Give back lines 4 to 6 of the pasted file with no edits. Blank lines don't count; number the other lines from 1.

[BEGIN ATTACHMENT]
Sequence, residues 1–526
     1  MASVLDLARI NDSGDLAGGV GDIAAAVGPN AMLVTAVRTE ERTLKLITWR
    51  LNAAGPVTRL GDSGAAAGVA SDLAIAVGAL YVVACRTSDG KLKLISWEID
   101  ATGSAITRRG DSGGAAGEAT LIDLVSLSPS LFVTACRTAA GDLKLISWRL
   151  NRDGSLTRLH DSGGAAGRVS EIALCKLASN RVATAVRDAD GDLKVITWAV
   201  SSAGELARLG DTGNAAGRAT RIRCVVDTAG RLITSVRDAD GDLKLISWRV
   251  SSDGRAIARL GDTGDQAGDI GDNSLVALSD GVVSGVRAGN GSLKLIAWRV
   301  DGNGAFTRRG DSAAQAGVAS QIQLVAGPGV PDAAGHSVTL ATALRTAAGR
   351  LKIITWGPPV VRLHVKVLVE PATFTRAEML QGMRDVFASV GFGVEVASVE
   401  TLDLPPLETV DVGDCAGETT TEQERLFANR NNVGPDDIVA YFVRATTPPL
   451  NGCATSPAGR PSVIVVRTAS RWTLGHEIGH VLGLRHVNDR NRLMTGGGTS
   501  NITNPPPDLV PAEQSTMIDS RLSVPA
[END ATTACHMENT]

   101  ATGSAITRRG DSGGAAGEAT LIDLVSLSPS LFVTACRTAA GDLKLISWRL
   151  NRDGSLTRLH DSGGAAGRVS EIALCKLASN RVATAVRDAD GDLKVITWAV
   201  SSAGELARLG DTGNAAGRAT RIRCVVDTAG RLITSVRDAD GDLKLISWRV